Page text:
COLUMBIA, S.C. (AP) — The epicenter of the massive East Coast rainstorm is Gills Creek, a stream that starts off in a sparsely populated area near a state park north of Columbia. The creek runs through several neighborhoods before emptying into the Congaree River south of town.
On Sunday, Gills Creek turned into a raging torrent of murky brown floodwater that swamped dozens of homes, apartments and businesses. The creek was 10 feet above flood stage, spilling floodwaters that almost reached the stoplights at a four-lane intersection.
Sunday was the wettest day in the history of Columbia, and the 16.6 inches of rain on Gills Creek was one of the rainiest days in a single spot in the U.S. over the last 15 years.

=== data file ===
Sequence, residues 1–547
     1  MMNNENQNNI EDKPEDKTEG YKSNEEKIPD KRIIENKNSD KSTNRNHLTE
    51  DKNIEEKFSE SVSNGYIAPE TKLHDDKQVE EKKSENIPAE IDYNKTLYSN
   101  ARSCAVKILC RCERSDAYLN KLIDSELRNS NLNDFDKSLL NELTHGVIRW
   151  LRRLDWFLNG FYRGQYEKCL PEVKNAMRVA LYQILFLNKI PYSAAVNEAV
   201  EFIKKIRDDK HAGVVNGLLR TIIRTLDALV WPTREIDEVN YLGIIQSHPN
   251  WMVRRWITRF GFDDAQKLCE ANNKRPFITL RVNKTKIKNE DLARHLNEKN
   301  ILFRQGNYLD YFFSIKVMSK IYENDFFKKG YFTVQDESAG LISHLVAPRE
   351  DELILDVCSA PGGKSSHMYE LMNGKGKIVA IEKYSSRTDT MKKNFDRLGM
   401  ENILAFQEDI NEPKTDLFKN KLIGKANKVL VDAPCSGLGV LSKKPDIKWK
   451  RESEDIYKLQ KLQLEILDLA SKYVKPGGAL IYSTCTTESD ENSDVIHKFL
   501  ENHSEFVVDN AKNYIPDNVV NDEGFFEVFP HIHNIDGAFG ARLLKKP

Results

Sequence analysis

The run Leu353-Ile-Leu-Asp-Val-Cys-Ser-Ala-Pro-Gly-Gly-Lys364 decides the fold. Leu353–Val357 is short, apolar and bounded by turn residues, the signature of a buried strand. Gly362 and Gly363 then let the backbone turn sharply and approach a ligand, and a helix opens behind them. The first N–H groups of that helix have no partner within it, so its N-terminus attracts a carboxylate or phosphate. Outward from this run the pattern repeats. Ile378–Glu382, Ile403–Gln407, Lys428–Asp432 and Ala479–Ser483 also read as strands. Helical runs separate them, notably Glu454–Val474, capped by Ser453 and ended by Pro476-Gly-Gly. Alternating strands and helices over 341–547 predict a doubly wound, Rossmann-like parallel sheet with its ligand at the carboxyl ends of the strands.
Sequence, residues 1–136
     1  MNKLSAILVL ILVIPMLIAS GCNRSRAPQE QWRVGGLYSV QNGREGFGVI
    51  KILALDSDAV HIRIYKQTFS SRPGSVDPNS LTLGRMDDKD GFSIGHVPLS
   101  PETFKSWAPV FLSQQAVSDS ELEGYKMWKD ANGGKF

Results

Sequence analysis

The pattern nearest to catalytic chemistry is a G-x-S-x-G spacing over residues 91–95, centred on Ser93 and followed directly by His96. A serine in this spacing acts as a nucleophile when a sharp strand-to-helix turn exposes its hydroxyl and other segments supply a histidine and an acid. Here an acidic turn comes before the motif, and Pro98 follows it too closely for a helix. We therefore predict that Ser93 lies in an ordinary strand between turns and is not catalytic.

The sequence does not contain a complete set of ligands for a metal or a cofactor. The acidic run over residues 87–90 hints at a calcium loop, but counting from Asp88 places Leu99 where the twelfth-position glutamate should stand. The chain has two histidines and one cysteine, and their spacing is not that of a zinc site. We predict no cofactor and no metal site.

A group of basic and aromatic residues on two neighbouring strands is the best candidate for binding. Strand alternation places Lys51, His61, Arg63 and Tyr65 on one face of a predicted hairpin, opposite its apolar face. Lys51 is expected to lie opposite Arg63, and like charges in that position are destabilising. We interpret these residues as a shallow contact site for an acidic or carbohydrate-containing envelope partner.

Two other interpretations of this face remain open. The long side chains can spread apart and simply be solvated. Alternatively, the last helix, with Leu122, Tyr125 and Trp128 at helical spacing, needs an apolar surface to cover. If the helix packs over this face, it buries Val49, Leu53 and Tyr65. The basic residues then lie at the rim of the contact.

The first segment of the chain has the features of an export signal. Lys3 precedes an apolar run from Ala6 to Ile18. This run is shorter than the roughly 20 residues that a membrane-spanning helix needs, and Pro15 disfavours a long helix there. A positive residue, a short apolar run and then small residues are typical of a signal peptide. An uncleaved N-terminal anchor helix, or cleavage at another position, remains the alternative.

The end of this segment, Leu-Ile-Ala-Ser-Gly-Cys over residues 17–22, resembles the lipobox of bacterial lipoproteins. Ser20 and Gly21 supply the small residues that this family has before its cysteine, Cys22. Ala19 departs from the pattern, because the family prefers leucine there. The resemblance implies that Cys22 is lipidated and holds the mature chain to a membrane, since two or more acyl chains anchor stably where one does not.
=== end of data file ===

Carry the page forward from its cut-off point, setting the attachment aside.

Some of the worst flooding was in an area southeast of downtown where modest apartment buildings line a stretch of the creek near the airport and not far from an industrial area.
At the Shandon Crossing apartment complex, rescue workers had spray-painted orange X's on apartments and cars they had searched. Water had receded, but trash and mud were left behind.
"We've had problems with flooding, but nothing like this," said Alvin Watson, 61, who lives near the complex. "On a scale of 1-10, this is an 11. We've maybe had a 2 before."